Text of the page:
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For first-time homebuyers, settling on the “right” time to buy feels a bit like a losing game—especially in this current market. Record-high inflation, paired with steep interest rates and a declining supply of new homes has made the road from renter to homeowner a more challenging one.
But the good news is that no matter what’s happening with the economy, there are moves you can make to make sure that you can comfortably afford your dream home when the right one comes along.
That starts with having a clear idea of your financial situation and how much buying power your annual income can afford you.
Factors that could be hurting your buying power
As it stands, the most recent data from the Fed shows that the median sales price of houses sold in the U.S. stood at $467,700 in the final quarter of 2022. In the second half of 2022, higher-than-normal interest rates pushed U.S. home prices down 2.5% from their 2022 peak.
The catch: This decline was preceded by a 30% increase in home prices between 2022 and 2022. To add insult to injury, the cost of everyday expenses are on the rise and could make it increasingly difficult for homebuyers to cover the upfront costs of buying a home. The final Consumer Price Index (CPI) for December 2022 did signal a slowdown in overall prices, according to the Labor Department. However, some major indexes saw a slight increase in December, including the shelter, household furnishings and operations, motor vehicle insurance, recreation, and apparel indexes.
How much do you need to make to afford a $600,000 home?
Experts have several guidelines for determining how much income you need to earn to comfortably afford a home within a certain budget.
“Your home value shouldn’t be more than two or two-and-a-half times your salary. This means if you’re making $100,000, you shouldn’t purchase a home with a value of $200,000 or $250,000,” says Dan R. Hill, certified financial planner, AIF®, and president of Hill Wealth Strategies in Richmond, VA.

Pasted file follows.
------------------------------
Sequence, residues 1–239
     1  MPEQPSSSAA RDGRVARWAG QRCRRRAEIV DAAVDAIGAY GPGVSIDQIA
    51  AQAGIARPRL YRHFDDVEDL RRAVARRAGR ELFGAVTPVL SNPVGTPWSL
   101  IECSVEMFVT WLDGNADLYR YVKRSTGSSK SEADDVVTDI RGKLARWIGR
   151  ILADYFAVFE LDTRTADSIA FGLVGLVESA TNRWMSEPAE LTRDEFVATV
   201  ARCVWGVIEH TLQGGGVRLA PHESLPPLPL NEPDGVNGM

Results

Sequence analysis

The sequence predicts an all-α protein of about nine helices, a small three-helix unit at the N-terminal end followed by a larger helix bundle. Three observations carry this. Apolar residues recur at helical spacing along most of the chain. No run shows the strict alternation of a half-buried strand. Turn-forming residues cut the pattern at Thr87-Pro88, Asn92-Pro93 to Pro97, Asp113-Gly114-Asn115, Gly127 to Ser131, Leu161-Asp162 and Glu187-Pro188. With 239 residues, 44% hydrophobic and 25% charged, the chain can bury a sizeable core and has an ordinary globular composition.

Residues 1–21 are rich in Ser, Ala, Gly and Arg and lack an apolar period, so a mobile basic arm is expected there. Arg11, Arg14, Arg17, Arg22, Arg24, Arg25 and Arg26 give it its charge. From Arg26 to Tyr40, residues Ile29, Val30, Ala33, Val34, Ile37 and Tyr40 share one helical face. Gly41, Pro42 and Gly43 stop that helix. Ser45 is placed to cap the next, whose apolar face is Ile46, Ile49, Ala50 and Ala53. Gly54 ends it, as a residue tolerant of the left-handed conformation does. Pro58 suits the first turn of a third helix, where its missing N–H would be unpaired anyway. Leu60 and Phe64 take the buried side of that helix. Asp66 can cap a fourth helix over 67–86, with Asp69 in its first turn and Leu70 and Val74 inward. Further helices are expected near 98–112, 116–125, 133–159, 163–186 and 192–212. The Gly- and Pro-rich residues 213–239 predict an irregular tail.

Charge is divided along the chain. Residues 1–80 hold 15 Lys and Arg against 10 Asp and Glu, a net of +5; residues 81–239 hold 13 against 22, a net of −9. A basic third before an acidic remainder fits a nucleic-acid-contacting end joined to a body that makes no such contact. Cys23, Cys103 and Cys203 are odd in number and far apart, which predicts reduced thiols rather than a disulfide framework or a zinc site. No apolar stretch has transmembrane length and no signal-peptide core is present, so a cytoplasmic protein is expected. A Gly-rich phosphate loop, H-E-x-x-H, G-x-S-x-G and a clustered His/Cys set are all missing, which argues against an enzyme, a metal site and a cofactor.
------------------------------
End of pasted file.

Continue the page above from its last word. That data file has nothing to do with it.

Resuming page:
Following this logic, in order to afford a $600,000 home, your income would need to be at least $350,000 per year, or higher. “Other rules say you should aim to spend less than 28% of your pre-tax monthly income on a mortgage,” says Hill.
These are just general guidelines, and the exact amount you can afford to comfortably pay each month will depend on your financial obligations and goals.
However, using the 28/36 rule as your framework for setting a budget—you should aim to have a mortgage payment that does not exceed 28% of your total monthly gross income, also known as your front-end ratio. The rule also holds that your total debt payments should be no more than 36% of your total monthly income.
Say you’re interested in purchasing a new home.
Your purchase price: $600,000
Down payment: $36,000 (or 6% of the total purchase price, the average amount for first-time buyers)
Loan term: 30 years at a fixed-rate
Loan interest rate: 6.50% (the average rate as of February 10, 2023)
Your total monthly mortgage payment would be around $3,565 per month.
To calculate if you can comfortably afford that payment, you’ll need to know your front and back-end ratios. Your front-end ratio is the percentage of your monthly income that goes toward your mortgage payment. Your back-end ratio is the percentage of your income allocated toward paying other debts.